Anchored by the profitability of its U.S. retail food and food service businesses, General Mills Wednesday posted a strong increase in quarterly earnings that handily beat Wall Street forecasts.
The Golden Valley-based packaged foods giant also saw its burgeoning international segment grow sales by 24 percent, while overall revenue significantly topped forecasts.
Still, two core U.S. businesses, cereal and yogurt, posted sales declines again in the fiscal third quarter. And the company sounded a conservative note for its fourth quarter.
General Mills recorded fiscal third quarter net profits of $398.4 million or 60 cents per share, up from $391.5 million or 58 cents from a year ago. Adjusted for one-time items, the company’s earnings per share were 64 cents, compared with an average of 57 cents per share forecast by analysts polled by Thomson Reuters.
“It was a good beat — most of it was due to operations,” said Jack Russo, a stock analyst at Edward Jones.
About two-thirds of the firm’s higher-than-expected earnings came from factors like higher sales and better cost controls, while the rest stemmed from a lower tax rate and lower interest costs.
General Mills’ quarterly sales tallied $4.43 billion, up 7.5 percent from a year ago and above analysts’ average estimates of $4.36 billion. As measured in unit volume, third quarter sales were the best they’ve been in at least a year.
“We continue to see slow but steady improvement in the operating environment,” General Mills CEO Ken Powell said in a statement.
Investors reacted positively: General Mills stock closed at $47.61, up $1.19 or 2.6 percent.
Edward Aaron, an analyst at RBC Capital Markets, said in a report that General Mills’ revenues were notably strong, given that the firm has struggled to hit Wall Street’s sales estimates the past couple of years. “The magnitude of the revenue beat is noteworthy,” he wrote.
Despite the stong third quarter, the company raised its full-year profit guidance only modestly, Aaron wrote. General Mills upped its per-share profit guidance by a penny to a range of $2.66 to $2.68.
General Mills chief financial officer Don Mulligan said in an interview with the Star Tribune that the company expects to meet its sales and operating profit forecast for the fourth quarter. Still, fourth quarter profits are expected to decline on a year-over-year basis, as the company is facing a higher tax rate and higher costs, as well as a tough comparison to 2012’s fourth quarter.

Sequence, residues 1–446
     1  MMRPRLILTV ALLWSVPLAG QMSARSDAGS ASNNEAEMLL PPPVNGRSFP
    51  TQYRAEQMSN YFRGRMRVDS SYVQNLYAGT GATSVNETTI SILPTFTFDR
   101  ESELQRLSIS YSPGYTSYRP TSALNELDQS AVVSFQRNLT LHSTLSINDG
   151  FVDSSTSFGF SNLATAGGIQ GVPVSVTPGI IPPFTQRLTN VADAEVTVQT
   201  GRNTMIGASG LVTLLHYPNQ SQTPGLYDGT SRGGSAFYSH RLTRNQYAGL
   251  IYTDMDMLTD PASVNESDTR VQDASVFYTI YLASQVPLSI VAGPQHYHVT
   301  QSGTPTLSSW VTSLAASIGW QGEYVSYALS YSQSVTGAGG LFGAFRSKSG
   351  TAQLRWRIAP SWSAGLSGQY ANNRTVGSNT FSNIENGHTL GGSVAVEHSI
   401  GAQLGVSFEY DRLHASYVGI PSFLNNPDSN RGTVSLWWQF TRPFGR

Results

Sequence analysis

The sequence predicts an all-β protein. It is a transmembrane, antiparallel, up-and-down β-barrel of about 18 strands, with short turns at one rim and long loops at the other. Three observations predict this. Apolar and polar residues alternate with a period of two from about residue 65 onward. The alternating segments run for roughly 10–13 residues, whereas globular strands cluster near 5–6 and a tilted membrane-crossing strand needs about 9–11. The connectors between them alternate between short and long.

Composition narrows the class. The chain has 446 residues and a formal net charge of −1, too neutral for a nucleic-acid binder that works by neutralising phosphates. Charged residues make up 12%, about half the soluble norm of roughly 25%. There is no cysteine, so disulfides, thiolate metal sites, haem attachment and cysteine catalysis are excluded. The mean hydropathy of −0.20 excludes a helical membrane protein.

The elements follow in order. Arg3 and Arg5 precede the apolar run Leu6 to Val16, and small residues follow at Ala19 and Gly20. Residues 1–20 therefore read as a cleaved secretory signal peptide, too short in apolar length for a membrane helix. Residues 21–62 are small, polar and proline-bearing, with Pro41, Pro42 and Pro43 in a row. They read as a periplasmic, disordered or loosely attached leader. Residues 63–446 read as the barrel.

General Mills’ U.S. retail business, its largest segment, saw sales rise 2 percent during the third quarter to $2.66 billion. Its operating profits increased 13 percent, the result of lower ingredient inflation and advertising expenses, combined with tight cost controls and stronger sales of products at “list” prices — rather than on promotion, Mulligan said.
Still, sales of cereal, General Mills’ largest U.S. business, were down 2 percent over a year ago, the third straight quarter of decline. But Powell told analysts cereal sales trends are improving.
Yoplait sales were down 4 percent from a year ago, better than the 10 percent and 5 percent declines respectively in General Mills’ first two quarters. The company has been hammered by its weakness in the rapidly growing Greek yogurt market.
However, General Mills Greek yogurt sales outpaced the Greek category generally during the third quarter. Its new Greek 100 product, a lower calorie Greek yogurt, has had a strong start, and the company expects first-year sales of $100 million, a healthy amount for a new food product.
General Mills’ food service business, which serves commercial customers like convenience stores, had a particularly strong quarter. Though its sales of $470 million were flat compared to a year ago, its operating profit rose 13 percent, partly due to lower manufacturing costs and increased grain merchandising earnings.
The food service segment’s profitability has steadily gained in recent years, and its profit margins are now just two to three percentage points below the company’s average. “There has been a very substantial improvement in that business,” Powell said in an interview with the Star Tribune.
General Mills international sales rose to $1.3 billion, including a 20 percentage point gain from new businesses, notably the 2012 acquisition of Brazilian food maker Yoki Alimentos.
But the international segment’s operating profit was flat over a year ago, due to a currency devaluation in Venezuela, which has forced U.S. firms doing business there to adjust their balance sheets. Without the devaluation, General Mills’ international profits were up 16 percent over a year ago.